And athlete or no, so much goes into the admissions process: what admissions offices are looking for, testing strategy, financial aid planning, forecasting four years of high school classes. Kathy noted, “For example, if a student thinks they want to go to Nursing School, planning their science courses ahead of time so they graduate with the right courses on their transcript (AP Bio, AP Chem, A&P) is important to maximize their chances to be admitted to Nursing School. It would be hard to get these courses in if I started working with them at the end of sophomore year or in junior year.”
Kathy pointed out another benefit of starting early: “My families have told me that they feel so relieved and relaxed about the college going process because they are educated, forewarned, and prepared for what is to come.”
If you’re the parent of a rising senior, you’re not too late– yet. Most admissions consulting engagements include a lot of time spent over the summer before senior year, and many consultants will continue to accept students through fall of senior year. However, the later you wait, the less choices you’ll have, both in terms of consultants and what the consultant can do for you: “There are so many things that are water under the bridge by senior year. The family has often limited their ability to build merit aid or maximize the process to increase acceptance levels,” Cozy explained. “I think about it as choice: if you start really late, you may limit the colleges you can consider. It also means that you may also have missed some key deadlines that might help boost a scholarship package and in many cases will not have the qualities needed to be a viable candidate for selective schools.”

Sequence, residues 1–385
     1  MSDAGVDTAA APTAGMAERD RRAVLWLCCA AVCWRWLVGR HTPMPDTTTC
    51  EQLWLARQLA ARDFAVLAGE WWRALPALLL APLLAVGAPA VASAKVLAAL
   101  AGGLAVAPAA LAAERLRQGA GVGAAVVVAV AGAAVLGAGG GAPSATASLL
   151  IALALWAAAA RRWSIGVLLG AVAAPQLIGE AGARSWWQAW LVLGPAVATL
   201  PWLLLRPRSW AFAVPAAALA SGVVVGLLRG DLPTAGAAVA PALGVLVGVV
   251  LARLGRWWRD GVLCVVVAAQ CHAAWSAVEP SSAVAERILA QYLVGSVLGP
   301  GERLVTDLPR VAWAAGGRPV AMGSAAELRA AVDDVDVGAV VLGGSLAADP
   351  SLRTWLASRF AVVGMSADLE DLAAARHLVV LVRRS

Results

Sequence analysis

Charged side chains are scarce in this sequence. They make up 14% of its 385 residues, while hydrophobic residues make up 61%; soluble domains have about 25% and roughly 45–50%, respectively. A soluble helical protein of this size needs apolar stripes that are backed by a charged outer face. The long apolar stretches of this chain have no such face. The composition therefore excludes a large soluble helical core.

If you’re reading this and it’s fall of senior year and you’re not finding an admissions consultant who will take you on, you might decide instead to identify key areas where your student needs help in the process and find people who focus on those areas: test prep, essay writing, application project management. Because those tasks are time-focused, you are more likely to find someone who can help with them.
Once you’ve decided to engage a consultant, how do you find one? College consultants are a bit like financial advisors, where you get everything from excellent resources like Cozy and Kathy to Rick Singer and a lot of insurance salespeople. It’s also a hyper-local, fragmented market, so word of mouth recommendations or referrals from your high school’s college and career center can be a great starting point. Beyond that, look for consultants who are members of one or more of the leading industry groups, IECA, HECA, or NCAG. (There are other associations and affiliations, too, but be sure to look them up to make sure they’re college-related.) Look for experience in working with students like yours. It’s great to find consultants who get students into the Ivies, but if that’s not your student’s path, that consultant might not be right for you. Make sure they don’t sell insurance products. Most important, they need to be someone your student wants to spend time with, with whom they’ll be open and candid because it doesn’t matter how good a consultant is if your kid won’t talk to them.